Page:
The word "kankl?s" is first used in writing in 1580 by Jonas Bretk?nas in his Bible translation.[5] Vincas Kudirka published two collections of folk songs adapted for choirs, titled Kankl?s, in 1895 and 1898.[6] In 1906, Pranas Puskunigis established an ensemble of kankl?s players, mostly from the students at the Veiveriai Teachers' Seminary, in Skriaud?iai [lt]. This ensemble, known simply as "Kankl?s" since 1984, continues to this day. A school for kankl?s players was opened in 1930 in Kaunas.[7] Kankl?s are taught at the Lithuanian Academy of Music and Theatre since 1945. Concert kankl?s were first constructed in 1964.[5]

Types

29-stringed concert kankl?s with a music stand

Apanavi?ius classifies the kankl?s into three basic traditional types, although there are variations within each type and some overlap of areas. Each type has its own playing technique.[8]

  • Kankl?s of Northeastern Auk?taitians: the simplest and most ancient form. Carved out of a single piece of wood into a boat or coffin shape.
  • Kankl?s of Western Auk?taitians and Samogitians: somewhat larger than those of Northeastern Auk?taitija, usually having between eight and twelve strings. They have a flat bottom, and in some cases, the shortest end is carved with the stylized figure of a bird's or fish's tail.
  • Kankl?s of Northwestern Samogitians and Suvalkians: usually the most decorated type, and kankl?s used in concert performance are most often based on this variety. The most prominent identifying feature is the addition of a carved spiral figure to the point of the instrument's body and sometimes, the rounding of the narrow end of the body. Typically these instruments have between nine and thirteen strings.[8]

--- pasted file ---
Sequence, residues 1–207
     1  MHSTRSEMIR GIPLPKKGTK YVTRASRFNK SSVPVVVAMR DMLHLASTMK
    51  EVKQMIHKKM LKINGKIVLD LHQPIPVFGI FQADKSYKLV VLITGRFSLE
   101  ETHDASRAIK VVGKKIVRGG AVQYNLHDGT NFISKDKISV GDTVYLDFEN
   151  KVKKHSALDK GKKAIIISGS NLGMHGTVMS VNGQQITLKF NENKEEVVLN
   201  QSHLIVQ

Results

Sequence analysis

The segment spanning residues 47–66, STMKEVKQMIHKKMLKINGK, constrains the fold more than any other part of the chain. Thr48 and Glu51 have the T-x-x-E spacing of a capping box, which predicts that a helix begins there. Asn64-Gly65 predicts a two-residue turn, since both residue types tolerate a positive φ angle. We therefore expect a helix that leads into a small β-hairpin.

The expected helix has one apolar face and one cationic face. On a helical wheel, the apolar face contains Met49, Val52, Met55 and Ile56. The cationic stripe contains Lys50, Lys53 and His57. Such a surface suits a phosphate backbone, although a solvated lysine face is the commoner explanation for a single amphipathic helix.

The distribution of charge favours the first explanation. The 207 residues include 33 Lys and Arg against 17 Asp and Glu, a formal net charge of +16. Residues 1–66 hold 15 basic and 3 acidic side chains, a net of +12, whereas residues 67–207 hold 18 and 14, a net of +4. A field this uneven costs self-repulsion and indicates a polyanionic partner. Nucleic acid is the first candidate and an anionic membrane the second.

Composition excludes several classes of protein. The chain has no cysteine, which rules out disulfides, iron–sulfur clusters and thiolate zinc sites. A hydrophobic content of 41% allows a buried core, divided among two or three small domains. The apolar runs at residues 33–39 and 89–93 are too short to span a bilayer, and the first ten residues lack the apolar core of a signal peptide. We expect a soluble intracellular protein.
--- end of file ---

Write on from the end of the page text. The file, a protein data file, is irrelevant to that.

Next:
Concert kankl?s, with an expanded range of more than four octaves (29 strings) and added chromaticism, provided by means of metal levers at the side of the instrument, similar to the ones used in a Celtic or lever harp, were constructed in 1964 by P. Kup?ikas following the design of P. Stepulis and D. Mataitien?.[5] They followed the lead of Latvian concert kokles constructed in 1951.[]

References

  1. ^ Tarnauskait?-Palubinskien? 2009, p. 477.
  2. ^ Williams, Roger, ed. (1993). "The Singing Tree". Insight Guides: Baltic States. APA Publications (HK) Ltd. p. 85. ISBN 978-9624-2118-2-5. Retrieved 2017.
  3. ^ a b Romualdas Apanavi?ius. Ancient Lithuanian Kankl?s, Institute of Ethnomusic, Vilnius, Lithuania
  4. ^ ?alalien?, Birut? (2011-06-06). "Psalteriumas". Visuotin? lietuvi? enciklopedija (in Lithuanian). Mokslo ir enciklopedij? leidybos centras.
  5. ^ a b c Apanavi?ius, Romualdas (2006-01-17). "Kankl?s". Visuotin? lietuvi? enciklopedija (in Lithuanian). Mokslo ir enciklopedij? leidybos centras.
  6. ^ Ramo?kait?, ?ivil? (2008). "Vinco Kudirkos "Kankl?s" - pirmasis harmonizuot? lietuvi? liaudies dain? rinkinys" (PDF). Tautosakos darbai (in Lithuanian). XXXVI. ISSN 1392-2831.
  7. ^ Alenskas, Vytautas (2016). "Pranas Puskunigis - kankli? ir kankliavimo propaguotojas" (PDF). Gimtasai kra?tas (in Lithuanian). 2: 63-65. ISSN 2029-0101.
  8. ^ a b Tarnauskait?-Palubinskien? 2009, pp. 478-480.

Bibliography

External links


  This article uses material from the Wikipedia page available here. It is released under the Creative Commons Attribution-Share-Alike License 3.0.